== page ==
© European Communities, 2009

In theory, Commissioners should be chosen for their suitability for the portfolio, their knowledge of the portfolio, and their European commitment, which includes their independence from national influence.

It is clear that this is not quite the case in Brussels yet, but what was striking during the hearings was the vagueness of the candidates’ responses, leading to perceptions of being unprepared. Candidates were generally weak in presenting priorities for their five years in office and avoided demonstrating any audacious vision or “big picture” in their policy area.

What emerged later is that candidates actually followed Mr Barroso’s instructions for the hearings to the letter. Low-profile, low-exposure, and evasive answers was the brief given by Mr Barroso, who wanted to prevent any clear answers from causing a revolt in the European Parliament, as happened back in 2004 with Mr Buttiglione.

Aside from the fact that Ms Jeleva was rejected anyway, the initial impression is that the incoming college of Commissioners is perceived as weak and unprepared. The final verdict on the new Commissioners is pending, and we will have to wait for a few months before they show their true colours…Barroso permitting.

– Ilja

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Finally, the end of the tunnel for José Manuel Barroso who has been elected as Commission President with 382 positive votes out of 736. Many protested, many were unenthusiastic, but finally an absolute majority raised their hands and said ‘yes’.

That was not such an obvious prediction this morning and The Lobby did not expect such a ‘comfortable’ majority – maybe Barroso didn’t either!

Throughout the campaign, the Commission President appeared to be on the defensive, and instead of giving a convincing demonstration that he was a candidate with a vision for Europe, he rather gave the impression that he was soliciting a personal favour from MEPs. As he said himself yesterday in a bid to convince sceptical MEPs: “at least, give me the benefit of the doubt!”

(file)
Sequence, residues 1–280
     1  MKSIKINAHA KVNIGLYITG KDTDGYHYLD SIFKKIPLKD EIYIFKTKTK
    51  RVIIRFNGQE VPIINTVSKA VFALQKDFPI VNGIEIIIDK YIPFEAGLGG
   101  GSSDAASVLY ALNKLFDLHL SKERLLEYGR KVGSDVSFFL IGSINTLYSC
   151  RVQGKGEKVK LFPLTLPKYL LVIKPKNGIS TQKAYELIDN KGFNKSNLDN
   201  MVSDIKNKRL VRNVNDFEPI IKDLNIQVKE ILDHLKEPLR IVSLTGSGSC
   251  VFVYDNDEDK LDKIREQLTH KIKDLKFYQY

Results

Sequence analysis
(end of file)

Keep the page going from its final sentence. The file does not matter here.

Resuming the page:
Anyway, the deal is done now and Barroso can serenely look ahead and dedicate his energy to address the most urgent challenges he agreed to set for himself: combating unemployment and the crisis, strengthening the internal market, re-branding and re-launching the Lisbon Strategy, and restoring the authority of the Commission that has been seriously challenged during the crisis with regard to Member States’ public deficit, European competition rules and state aid policy.

Barroso will also have to look closely into ways to correct the EU’s identity and credibility deficit. Looking back at his previous mandate and his recent campaign, The Lobby doubts that the new President has the vision and sufficient public confidence to really perform in that respect. Again, it will probably be up to the Member States to decide whether the EU is a good or a bad thing for their citizens.

But we’ll give Barroso the benefit of the doubt. For the time being.

– Maxime

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Verhofstadt eyes up his eurosceptic opposition

Verhofstadt eyes up his eurosceptic opposition

After the EPP, the newly-termed PASD (Socialists), and the Greens had elected their leaders last week, the Parliament’s third force, the Liberal ALDE group finally followed suit yesterday by nominating Guy Verhofstadt as their new leader. Since the support for his candidature was so overwhelming, Diana Wallis, the only other serious contender for the post, dropped out of the race before it even came to the vote.

It will be interesting to see in which direction the former Belgian Prime Minister steers the European Liberals in the coming months. No doubt his nomination as group leader will set off some heated confrontations between the currently-confident Eurosceptics and the markedly Euro-federalist Verhofstadt.